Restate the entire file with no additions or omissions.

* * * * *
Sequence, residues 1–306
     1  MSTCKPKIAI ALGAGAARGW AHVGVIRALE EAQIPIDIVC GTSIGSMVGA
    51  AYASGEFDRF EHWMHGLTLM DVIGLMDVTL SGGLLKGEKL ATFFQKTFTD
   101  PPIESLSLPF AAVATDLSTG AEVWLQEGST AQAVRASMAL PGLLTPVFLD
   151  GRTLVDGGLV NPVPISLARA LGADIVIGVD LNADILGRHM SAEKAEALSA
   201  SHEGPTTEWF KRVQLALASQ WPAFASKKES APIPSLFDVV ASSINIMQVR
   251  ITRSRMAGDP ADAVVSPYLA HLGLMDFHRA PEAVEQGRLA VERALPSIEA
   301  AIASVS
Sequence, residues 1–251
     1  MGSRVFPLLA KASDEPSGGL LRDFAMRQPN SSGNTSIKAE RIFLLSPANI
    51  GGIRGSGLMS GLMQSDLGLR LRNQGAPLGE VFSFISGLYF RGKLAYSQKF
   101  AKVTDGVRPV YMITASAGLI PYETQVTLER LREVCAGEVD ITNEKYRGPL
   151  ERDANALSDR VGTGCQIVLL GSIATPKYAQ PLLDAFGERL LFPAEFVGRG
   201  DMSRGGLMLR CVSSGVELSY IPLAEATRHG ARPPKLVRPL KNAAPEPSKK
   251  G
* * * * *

Sequence, residues 1–306
     1  MSTCKPKIAI ALGAGAARGW AHVGVIRALE EAQIPIDIVC GTSIGSMVGA
    51  AYASGEFDRF EHWMHGLTLM DVIGLMDVTL SGGLLKGEKL ATFFQKTFTD
   101  PPIESLSLPF AAVATDLSTG AEVWLQEGST AQAVRASMAL PGLLTPVFLD
   151  GRTLVDGGLV NPVPISLARA LGADIVIGVD LNADILGRHM SAEKAEALSA
   201  SHEGPTTEWF KRVQLALASQ WPAFASKKES APIPSLFDVV ASSINIMQVR
   251  ITRSRMAGDP ADAVVSPYLA HLGLMDFHRA PEAVEQGRLA VERALPSIEA
   301  AIASVS
Sequence, residues 1–251
     1  MGSRVFPLLA KASDEPSGGL LRDFAMRQPN SSGNTSIKAE RIFLLSPANI
    51  GGIRGSGLMS GLMQSDLGLR LRNQGAPLGE VFSFISGLYF RGKLAYSQKF
   101  AKVTDGVRPV YMITASAGLI PYETQVTLER LREVCAGEVD ITNEKYRGPL
   151  ERDANALSDR VGTGCQIVLL GSIATPKYAQ PLLDAFGERL LFPAEFVGRG
   201  DMSRGGLMLR CVSSGVELSY IPLAEATRHG ARPPKLVRPL KNAAPEPSKK
   251  G